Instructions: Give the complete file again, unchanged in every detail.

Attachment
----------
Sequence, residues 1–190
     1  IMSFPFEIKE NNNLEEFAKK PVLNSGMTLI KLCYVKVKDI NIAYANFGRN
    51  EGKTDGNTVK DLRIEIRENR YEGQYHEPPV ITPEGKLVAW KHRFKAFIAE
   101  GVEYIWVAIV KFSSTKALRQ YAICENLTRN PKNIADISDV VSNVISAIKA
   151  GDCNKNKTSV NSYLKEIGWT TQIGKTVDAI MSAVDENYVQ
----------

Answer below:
Sequence, residues 1–190
     1  IMSFPFEIKE NNNLEEFAKK PVLNSGMTLI KLCYVKVKDI NIAYANFGRN
    51  EGKTDGNTVK DLRIEIRENR YEGQYHEPPV ITPEGKLVAW KHRFKAFIAE
   101  GVEYIWVAIV KFSSTKALRQ YAICENLTRN PKNIADISDV VSNVISAIKA
   151  GDCNKNKTSV NSYLKEIGWT TQIGKTVDAI MSAVDENYVQ